The Tag: Reviewing FAA Order 8130.21C

The last time I wrote about the 8130.3 Airworthiness Approval Tag was nine years ago when it first came into existence.


The last time I wrote about the 8130.3 Airworthiness Approval Tag was nine years ago when it first came into existence. Since then, the original FAA Order 8130.21 that created the tag, has been revised three times. This is why the current Order 8130.21C has the suffix letter C on the tail end. To review the current FAA Order including change 1 in detail you can log on to http://av-info.faa.gov/dst/8130.21CCh1.pdf.

One of the "C" revisions was to hang a new title on the tag. It is now called "Authorized Release Certificate, FAA Form 8130-3, Airworthiness Approval Tag." Another change created by the "C" revision is the cancellation of the old 8130-3 Form, dated November 1993 and it is replaced with a new 8130-3 form. You can take a look at the new tag by logging on to http://www.specson-line.com/faa/8130-3.doc.

After June 1, 2002 you must use the new 8130-3 form, but if you have a part on the shelf that was issued a —3 tag prior to June 1, 2002 the tag is still good. You can order the new —3 tag from Customer Care Center, AML-30 in Oklahoma City at (405) 954-3793 or toll free at 1 (888) 322-9824. The new form’s stock number is 0052-00-012-9005. With that said let’s take a look at the new "revised" form.

Overview:

The 8130.3 Airworthiness Approval Tag is basically a record-keeping device that declares that the identified product, part, or appliance is airworthy. The tag is not an authorization to install the part! In the early ’90s, the tag creators had high hopes that it would be a universal airworthiness tag, an aviation document that would be recognized worldwide at face value. Alas, it was not to be. This lack of universal acceptance is because there are many big and small regulatory differences between us and other civil aviation authorities on this ball of dust we call home. Plus, we have not achieved the level of trust among all nations to make this concept work. So as of this date we have not achieved the hoped for "universal status" for the 8130-3 tag.

However, there has been some progress made in the harmonization process in the past nine years with Europe and Canadian CAAs and the 8130.3 tag can be used to document:

1. Conformity determinations.

2. Airworthiness approval of aircraft engines and propellers for domestic shipments only.

3. Airworthiness approval of parts and appliances under Part 21 Certification Procedures for Products and Parts.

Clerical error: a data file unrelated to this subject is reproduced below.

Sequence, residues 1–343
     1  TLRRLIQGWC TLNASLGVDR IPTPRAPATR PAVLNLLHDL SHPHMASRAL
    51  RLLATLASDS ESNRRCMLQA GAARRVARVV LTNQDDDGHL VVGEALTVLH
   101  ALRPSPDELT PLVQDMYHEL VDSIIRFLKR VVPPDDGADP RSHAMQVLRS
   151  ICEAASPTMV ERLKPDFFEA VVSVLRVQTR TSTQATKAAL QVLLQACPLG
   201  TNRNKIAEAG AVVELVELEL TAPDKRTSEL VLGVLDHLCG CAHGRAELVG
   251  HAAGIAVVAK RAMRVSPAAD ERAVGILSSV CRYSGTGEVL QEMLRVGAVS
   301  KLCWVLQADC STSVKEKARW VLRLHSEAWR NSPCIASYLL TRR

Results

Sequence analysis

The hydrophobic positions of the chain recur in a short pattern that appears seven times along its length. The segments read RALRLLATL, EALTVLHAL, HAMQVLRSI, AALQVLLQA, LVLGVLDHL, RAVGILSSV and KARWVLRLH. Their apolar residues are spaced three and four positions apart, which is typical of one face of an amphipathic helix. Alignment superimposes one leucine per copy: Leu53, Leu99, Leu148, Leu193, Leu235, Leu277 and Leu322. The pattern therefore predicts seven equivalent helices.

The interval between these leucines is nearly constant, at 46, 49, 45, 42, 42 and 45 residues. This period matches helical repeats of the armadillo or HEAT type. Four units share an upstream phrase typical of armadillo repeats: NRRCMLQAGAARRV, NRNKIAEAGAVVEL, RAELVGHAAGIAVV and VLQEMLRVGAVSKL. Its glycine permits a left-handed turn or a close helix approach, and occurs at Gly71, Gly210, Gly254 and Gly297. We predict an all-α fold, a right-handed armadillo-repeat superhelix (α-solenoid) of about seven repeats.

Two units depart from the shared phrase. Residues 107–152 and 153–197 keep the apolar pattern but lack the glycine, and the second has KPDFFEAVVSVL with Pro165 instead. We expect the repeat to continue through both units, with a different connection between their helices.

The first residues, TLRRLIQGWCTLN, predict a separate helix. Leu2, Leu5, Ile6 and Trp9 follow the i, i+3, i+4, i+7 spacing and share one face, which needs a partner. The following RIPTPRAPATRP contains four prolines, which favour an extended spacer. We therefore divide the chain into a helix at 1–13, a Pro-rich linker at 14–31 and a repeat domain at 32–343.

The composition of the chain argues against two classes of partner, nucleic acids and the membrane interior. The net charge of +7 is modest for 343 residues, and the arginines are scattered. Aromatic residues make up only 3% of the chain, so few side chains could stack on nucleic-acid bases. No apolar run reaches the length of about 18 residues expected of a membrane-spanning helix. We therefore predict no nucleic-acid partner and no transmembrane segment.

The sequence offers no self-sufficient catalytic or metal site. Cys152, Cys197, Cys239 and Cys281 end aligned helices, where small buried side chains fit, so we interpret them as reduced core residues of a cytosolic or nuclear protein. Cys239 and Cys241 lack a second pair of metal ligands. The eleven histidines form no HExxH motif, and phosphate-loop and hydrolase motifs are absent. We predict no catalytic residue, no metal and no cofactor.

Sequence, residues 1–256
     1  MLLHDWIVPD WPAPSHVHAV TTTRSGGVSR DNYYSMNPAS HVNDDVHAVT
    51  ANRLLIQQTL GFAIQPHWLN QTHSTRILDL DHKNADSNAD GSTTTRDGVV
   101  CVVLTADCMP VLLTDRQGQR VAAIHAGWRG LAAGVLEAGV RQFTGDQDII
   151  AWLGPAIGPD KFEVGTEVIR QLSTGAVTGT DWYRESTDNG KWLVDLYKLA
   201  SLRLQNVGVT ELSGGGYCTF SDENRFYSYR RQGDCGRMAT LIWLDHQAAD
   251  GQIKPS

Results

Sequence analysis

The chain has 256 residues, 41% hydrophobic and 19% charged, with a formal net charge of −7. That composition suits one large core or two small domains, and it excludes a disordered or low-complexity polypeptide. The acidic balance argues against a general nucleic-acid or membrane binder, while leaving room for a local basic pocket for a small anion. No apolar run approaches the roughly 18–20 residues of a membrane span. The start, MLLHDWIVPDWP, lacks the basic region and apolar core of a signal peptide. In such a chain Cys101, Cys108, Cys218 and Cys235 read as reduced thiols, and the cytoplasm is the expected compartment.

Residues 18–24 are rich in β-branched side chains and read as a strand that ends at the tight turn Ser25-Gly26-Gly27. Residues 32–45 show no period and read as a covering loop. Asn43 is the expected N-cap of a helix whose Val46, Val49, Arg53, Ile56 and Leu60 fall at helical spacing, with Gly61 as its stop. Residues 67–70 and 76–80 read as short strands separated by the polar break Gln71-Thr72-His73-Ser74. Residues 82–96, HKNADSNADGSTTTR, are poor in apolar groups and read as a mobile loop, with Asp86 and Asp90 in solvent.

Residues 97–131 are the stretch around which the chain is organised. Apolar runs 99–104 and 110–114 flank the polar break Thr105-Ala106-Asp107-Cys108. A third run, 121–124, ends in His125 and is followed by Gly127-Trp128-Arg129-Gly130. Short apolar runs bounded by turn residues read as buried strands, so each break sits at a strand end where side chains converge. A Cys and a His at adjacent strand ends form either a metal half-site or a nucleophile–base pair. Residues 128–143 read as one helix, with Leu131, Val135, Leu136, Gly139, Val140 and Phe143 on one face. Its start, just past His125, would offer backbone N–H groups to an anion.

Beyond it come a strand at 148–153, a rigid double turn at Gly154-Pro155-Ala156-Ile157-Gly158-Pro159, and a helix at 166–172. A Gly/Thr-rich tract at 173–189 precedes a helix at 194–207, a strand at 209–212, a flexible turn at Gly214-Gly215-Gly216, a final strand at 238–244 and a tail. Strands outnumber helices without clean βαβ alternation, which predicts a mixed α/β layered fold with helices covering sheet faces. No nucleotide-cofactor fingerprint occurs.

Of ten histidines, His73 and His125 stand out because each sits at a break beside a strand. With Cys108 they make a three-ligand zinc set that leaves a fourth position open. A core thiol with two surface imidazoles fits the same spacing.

4. Splitting bulk shipments of previously shipped parts.

5. Approval for return to service after maintenance, preventive maintenance, rebuilding, and alterations.

6. Export airworthiness approvals of Class II and III products.

With the exception of item 6, Export airworthiness approvals of Class II and III products, the FAA considers the use of the 8130.3 tag as an "optional" form of record-keeping. Before we review the six uses of the tag, there are some things you should know about the tag itself. First, the tag can be made smaller but not so small that it cannot be read and the overall design of the form and its wording cannot be revised or altered in any way. Second, using an electronic signature may be authorized by the FAA, however an electronic signature does not relieve the responsible individual from ensuring that the part or product described on the tag is airworthy. Third, the tag’s blocks 14 through 18 are used for conformity determinations, airworthiness approval of products/parts, export airworthiness approvals, and splitting bulk shipments of parts. Block 19 through 23 of the tag are used for approval for return to service. Do not put any information in both the airworthiness section (14-18 blocks) and approval for return to service blocks (19-23) or the tag will self-destruct.

Conformity determinations:

The 8130.3 tag may be used to record conformity inspections made by or on the behalf of the FAA on a prototype or test product, part, or appliance prior to type certification to determine that it conforms to the specified data. As a mechanic working for a repair station or an air carrier chances are you might spend your entire career without seeing a 8130-3 tag used for this purpose.

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